When I last checked in, I had narrowed down my training plan search to two: the "Run Less, Run Faster" (FIRST) plan, and another from Jack Daniels.
I'll cut to the chase: After reading both books, I realize the FIRST plan is a far better fit for what I'm looking for. Jack Daniels really wants me to be running 50-60 miles per week, which is just too much/not going to happen this time around. I felt a sense of dread while reading that book; in contrast, the FIRST plan seems totally do-able and fun. I buy the research behind it and it has Jenny's endorsement, which counts for a lot in my book! I'm going to just place my training in the hopefully capable hands of the authors of this book and hope for the best.*
*Just kidding, I did something totally nuts to collect data on myself. More on that later!
So, the deal with the FIRST plan is this: Three "quality" runs per week plus two cross-training workouts. Three quality runs breaks down as: One speedwork session, one tempo run, and one long run. The two cross-training sessions also have little workouts, and can be done either on a bike or in the pool. Bike >> pool IMO, so that's what I'll be doing. The second edition really drives home the fact that the cross-training workouts are providing the aerobic training that easy runs would, without the impact. No Meat Athlete subbed out the cross-training for easy runs with a great outcome, but the authors caution against it.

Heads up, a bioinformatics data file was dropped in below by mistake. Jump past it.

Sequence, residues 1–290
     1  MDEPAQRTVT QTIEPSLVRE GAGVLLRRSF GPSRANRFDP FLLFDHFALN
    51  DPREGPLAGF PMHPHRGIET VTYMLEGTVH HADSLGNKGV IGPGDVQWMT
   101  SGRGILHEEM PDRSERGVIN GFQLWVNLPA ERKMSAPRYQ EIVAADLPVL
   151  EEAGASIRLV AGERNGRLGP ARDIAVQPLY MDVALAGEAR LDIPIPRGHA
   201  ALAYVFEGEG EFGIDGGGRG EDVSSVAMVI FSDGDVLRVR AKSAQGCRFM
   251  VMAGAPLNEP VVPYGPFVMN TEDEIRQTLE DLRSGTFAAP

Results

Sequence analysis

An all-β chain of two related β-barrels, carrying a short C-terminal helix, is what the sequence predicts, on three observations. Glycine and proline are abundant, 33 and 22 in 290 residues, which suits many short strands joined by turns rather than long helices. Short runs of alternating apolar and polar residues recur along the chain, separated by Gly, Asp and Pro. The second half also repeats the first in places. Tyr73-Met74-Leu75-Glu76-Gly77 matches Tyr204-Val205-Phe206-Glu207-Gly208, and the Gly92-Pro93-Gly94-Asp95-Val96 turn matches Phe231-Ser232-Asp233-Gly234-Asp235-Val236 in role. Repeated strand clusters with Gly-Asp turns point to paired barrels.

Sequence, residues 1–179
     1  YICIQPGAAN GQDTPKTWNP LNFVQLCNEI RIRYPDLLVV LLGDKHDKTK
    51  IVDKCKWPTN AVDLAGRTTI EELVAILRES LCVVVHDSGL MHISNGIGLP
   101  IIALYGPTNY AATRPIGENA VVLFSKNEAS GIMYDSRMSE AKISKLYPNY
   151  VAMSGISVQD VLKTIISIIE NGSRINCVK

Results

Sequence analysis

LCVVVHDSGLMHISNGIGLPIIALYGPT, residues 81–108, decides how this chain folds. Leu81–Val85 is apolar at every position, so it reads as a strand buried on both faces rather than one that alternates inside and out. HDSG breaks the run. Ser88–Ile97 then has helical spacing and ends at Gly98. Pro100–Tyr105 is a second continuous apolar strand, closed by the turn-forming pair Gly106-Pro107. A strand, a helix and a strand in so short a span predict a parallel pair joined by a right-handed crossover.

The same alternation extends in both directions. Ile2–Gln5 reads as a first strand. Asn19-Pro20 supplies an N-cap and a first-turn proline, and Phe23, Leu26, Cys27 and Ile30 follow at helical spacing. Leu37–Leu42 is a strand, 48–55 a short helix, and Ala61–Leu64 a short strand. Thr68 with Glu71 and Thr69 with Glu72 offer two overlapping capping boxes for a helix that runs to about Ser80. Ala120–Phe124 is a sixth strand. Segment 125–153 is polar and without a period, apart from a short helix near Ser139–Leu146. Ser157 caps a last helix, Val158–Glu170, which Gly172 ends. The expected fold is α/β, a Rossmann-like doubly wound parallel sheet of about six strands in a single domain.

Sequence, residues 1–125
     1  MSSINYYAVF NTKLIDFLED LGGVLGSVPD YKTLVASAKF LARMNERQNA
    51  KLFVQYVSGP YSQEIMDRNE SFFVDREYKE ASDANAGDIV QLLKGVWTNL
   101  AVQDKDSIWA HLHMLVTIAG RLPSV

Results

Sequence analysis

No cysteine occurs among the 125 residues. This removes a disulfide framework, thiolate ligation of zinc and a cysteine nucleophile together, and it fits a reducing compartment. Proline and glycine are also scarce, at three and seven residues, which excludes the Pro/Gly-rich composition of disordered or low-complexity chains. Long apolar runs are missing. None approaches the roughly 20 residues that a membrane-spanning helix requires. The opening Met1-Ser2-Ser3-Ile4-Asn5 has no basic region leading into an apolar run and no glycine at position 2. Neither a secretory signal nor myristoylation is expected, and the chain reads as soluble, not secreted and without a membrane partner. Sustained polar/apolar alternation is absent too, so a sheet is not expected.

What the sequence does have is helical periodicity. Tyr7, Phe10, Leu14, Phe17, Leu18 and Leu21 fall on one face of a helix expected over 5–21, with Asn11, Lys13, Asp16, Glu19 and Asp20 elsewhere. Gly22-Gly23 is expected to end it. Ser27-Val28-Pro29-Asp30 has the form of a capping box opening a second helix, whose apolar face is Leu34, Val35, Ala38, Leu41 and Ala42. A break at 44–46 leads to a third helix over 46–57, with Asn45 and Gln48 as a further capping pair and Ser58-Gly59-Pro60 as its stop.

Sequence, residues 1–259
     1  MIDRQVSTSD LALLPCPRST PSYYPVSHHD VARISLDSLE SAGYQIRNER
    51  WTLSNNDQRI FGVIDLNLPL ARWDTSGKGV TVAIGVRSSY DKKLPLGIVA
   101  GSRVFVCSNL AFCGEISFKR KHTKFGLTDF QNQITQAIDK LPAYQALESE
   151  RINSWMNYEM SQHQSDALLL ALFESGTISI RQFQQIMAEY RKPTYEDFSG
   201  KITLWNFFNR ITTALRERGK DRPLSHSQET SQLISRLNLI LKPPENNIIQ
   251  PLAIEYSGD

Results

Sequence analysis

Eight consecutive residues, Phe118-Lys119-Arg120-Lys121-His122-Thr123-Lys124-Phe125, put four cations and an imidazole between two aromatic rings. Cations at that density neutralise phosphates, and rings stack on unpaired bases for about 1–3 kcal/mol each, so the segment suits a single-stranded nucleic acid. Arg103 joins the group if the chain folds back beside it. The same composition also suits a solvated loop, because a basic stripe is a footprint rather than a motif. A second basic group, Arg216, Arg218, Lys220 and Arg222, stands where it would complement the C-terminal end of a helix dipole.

I'm one week into the plan so far and I've noticed a few things:
- The plan is demanding. Even though there isn't a lot of running, every run has a purpose and goals. I can't absentmindedly lace up my shoes after work each day because I have to really do work every time I'm running.
- One criticism: The speedwork paces don't adjust as the plan progresses. (Week 1 had me doing 3x1600 in 7:24 with a 400m RI, and again in Week 5 and Week 12. Shouldn't I be getting faster, or maybe doing more of them?)
Here's a link to my plan if you're curious to see more.
Other things related to training:
- I may not have mentioned this here, but I've been taking an iron supplement since summertime. I've noticed a difference in feeling less fatigued, and needing less sleep than I used to. I feel like a Responsible Vegetarian now.
- Eating real food: Thanks to the junk food culture at my office, it is very easy to get lazy about bringing lunch to work and just eat what's sitting out: a handful of M&Ms, 4-5 cookies from the free office cafe, a few cups of coffee, donuts, whatever. For a few months, that was a typical lunch for me. Lately we've been making an effort to cook more, and it's been so great to have a good meal at lunch again like a regular person.
- I would also really like to keep a little strength training routine going, but I haven't been very regular about doing that, um, ever.
- Gear shopping: It isn't a new marathon cycle without some running related indulgences..
Has anyone else started training for an early spring marathon? I feel like I'm the only one!